Structural Preservation Systems (SPS) — a specialty-contracting firm focusing on the repair, protection and strengthening of structures — recently received seven project awards from the International Concrete Repair Institute (ICRI), including four “Awards of Excellence” and three “Awards of Merit.”
In its 14th year, ICRI sponsors the annual awards program to recognize outstanding projects in the concrete repair industry. As the only organization dedicated to improving the quality of repair, restoration and protection of concrete and other structures, ICRI receives submittals for the competition from around the world. This year’s awards were presented at a banquet held in conjunction with the ICRI Fall Convention in St. Louis, Mo. SPS was honored for:
• structural concrete repairs and cathodic protection system installation at an 18-story apartment building near the campus of Johns Hopkins University in Baltimore,
• strengthening of overloaded prestressed concrete beams that were structurally damaged due to an overload by snow at a government parking structure in Washington, D.C.,
• concrete repair and cathodic protection at a nuclear power plant in Lusby, Md., to remedy eventual structural deficiencies,
• balcony removal and replacement for a high-rise condominium building due to structural deterioration in South Palm Beach, Fla.,
• structural strengthening of the State University of New York (SUNY) Health Science Center Parking Structure using carbon fiber technology similar to aerospace materials
• concrete repair on a 3,000-ft.-long (914 m) dock in the Gulf of Mexico, and
• concrete strengthening on the famous ring walls of Frank Lloyd Wright’s Guggenheim Museum in New York City.
“We are honored that seven of our diverse projects were highlighted by ICRI this year,” said Brian Gallagher, vice president of Structural Preservation Systems. “The ICRI awards are well-known for recognizing the industry’s most challenging projects, which makes this achievement extremely gratifying for our team.”
Concrete Repairs and Protection Systems Installation at Hopkins House
Built in 1968 near the campus of Johns Hopkins University in Baltimore, Md., the Hopkins House Apartment Building is an 18-story apartment complex. Designed to have balcony access from all 271 units, this building overlooks much of the campus with skyline views of downtown Baltimore.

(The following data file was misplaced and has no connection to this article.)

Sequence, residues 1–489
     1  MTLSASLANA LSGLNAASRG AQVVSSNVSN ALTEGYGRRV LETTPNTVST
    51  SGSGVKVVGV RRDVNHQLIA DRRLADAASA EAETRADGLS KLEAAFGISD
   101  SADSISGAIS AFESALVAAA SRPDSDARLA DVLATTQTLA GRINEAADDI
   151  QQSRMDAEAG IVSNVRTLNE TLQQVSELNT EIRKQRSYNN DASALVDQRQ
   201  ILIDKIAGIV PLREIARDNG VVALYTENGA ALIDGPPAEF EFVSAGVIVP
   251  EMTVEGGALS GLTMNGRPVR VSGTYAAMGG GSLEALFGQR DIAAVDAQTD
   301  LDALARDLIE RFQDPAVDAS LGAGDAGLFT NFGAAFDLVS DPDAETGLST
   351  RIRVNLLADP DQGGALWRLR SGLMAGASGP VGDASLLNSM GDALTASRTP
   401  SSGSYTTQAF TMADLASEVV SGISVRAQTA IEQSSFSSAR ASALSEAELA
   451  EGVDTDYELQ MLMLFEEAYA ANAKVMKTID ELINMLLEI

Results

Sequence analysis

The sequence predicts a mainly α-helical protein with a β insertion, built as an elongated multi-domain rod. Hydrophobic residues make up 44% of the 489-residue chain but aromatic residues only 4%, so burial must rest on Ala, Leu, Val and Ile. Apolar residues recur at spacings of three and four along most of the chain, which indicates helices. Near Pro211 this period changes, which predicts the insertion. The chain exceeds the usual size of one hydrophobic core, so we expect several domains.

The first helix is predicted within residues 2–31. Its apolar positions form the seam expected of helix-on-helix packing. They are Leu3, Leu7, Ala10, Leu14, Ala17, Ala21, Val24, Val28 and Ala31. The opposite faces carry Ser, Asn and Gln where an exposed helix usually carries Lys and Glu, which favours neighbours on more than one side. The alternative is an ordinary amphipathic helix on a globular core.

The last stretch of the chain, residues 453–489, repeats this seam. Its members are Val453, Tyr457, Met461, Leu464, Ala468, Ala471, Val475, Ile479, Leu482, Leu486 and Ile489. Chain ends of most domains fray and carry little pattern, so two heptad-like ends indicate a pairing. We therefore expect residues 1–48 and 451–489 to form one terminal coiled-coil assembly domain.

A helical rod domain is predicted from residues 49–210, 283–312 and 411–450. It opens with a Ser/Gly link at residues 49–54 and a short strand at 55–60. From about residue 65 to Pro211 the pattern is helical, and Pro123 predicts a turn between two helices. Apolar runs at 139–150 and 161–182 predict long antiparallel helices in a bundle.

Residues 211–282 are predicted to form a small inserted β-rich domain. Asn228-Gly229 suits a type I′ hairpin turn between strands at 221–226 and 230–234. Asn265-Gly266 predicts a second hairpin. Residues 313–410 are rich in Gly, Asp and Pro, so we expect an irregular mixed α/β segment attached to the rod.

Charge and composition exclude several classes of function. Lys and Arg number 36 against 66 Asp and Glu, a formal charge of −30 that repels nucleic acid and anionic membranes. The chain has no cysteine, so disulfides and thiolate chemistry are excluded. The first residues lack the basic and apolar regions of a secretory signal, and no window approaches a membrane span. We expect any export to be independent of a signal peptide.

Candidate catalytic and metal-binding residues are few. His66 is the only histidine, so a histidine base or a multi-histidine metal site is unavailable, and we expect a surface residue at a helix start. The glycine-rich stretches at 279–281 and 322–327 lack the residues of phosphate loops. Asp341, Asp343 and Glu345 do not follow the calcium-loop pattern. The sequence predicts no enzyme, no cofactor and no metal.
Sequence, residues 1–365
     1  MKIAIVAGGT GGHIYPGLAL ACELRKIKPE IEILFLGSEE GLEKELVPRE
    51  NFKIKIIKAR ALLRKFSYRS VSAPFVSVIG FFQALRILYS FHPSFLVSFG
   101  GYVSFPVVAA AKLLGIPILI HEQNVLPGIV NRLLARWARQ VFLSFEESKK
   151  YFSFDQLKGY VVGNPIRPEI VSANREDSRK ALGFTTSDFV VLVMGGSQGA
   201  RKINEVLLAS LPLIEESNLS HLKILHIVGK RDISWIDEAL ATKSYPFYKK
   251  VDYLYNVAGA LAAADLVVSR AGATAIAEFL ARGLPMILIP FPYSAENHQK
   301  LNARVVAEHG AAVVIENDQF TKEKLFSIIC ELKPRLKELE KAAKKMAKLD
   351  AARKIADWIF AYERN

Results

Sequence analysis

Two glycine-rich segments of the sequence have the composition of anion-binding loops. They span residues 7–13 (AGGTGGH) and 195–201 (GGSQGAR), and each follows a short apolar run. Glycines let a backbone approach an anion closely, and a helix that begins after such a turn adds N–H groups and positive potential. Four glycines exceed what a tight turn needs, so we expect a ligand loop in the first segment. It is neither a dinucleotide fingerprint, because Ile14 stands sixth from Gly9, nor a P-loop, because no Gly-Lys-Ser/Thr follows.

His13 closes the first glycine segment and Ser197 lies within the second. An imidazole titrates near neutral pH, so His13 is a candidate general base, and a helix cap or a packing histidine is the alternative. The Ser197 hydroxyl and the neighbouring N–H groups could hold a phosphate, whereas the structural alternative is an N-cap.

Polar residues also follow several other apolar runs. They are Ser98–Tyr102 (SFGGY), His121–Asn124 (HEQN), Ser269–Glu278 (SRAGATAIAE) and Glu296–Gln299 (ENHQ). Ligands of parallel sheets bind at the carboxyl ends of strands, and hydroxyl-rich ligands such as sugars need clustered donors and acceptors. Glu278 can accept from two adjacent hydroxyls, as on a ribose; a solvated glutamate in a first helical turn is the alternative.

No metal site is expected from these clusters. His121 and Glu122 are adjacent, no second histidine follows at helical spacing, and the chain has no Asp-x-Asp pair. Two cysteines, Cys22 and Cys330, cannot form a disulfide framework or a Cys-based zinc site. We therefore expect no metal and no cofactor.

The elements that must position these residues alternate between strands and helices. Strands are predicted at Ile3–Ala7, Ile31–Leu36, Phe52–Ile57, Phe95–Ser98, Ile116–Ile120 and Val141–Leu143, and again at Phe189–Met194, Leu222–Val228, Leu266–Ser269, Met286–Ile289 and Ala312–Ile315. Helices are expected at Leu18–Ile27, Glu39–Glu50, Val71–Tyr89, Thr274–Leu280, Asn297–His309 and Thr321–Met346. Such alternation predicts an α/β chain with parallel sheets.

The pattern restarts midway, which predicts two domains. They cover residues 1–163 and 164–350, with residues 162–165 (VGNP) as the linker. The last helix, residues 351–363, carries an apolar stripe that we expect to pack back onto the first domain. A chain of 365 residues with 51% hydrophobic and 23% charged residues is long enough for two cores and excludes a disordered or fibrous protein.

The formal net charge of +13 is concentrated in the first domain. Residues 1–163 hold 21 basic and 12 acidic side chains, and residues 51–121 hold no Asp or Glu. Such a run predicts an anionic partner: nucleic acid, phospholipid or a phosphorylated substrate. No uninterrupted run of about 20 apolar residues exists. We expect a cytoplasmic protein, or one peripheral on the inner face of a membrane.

Since the building’s original construction, minor repairs had been performed on the high-rise and parking garage structures. Because of damaging environmental conditions including multiple freeze-thaw cycles and harsh winters requiring corrosive de-icing salts, rebar corrosion and concrete spalling were prevalent throughout the high-rise balcony and parking garage structures.
In 2004, the owner undertook a large rehabilitation project that included installation of new windows, balcony handrails and divider panels, interior apartment renovations and renovation of the building entrance.
The owner hired SPS to perform concrete spall and crack repairs for both the balconies and the parking garage. The balconies were repaired in six phases with each phase strategically composed of multiple vertical tiers around the structure. A unique formwork design was developed for the parking garage waffle slab repairs. This unique design consisted of customized wood forms and prefabricated fiberglass forms designed to match the dimensions of the existing waffle pan and rib sizes. In addition to the repairs, SPS also installed a cathodic protection system, protective coating systems and new drains to protect the structure from future corrosion.
A team approach by SPS, other contractors, the engineer and the owner helped facilitate a successful repair project that was completed several months ahead of schedule.
Calvert Cliffs Nuclear Power Plant Concrete Repair and Cathodic Protection
Built by Baltimore Gas & Electric in the 1970s, the Calvert Cliffs Nuclear Power Plant (CCNPP) and its associated high power electric lines is a Calvert County landmark. When deterioration of the reinforcing steel in the intake floor, circular water pump bowels (CWB) and salt-water pits (SWP) became severe, CCNPP contacted SPS for assistance. The owner wanted to repair the concrete surfaces with a bonded concrete overlay that would help prevent corrosion and last for a period of approximately 20 years to reduce plant maintenance costs.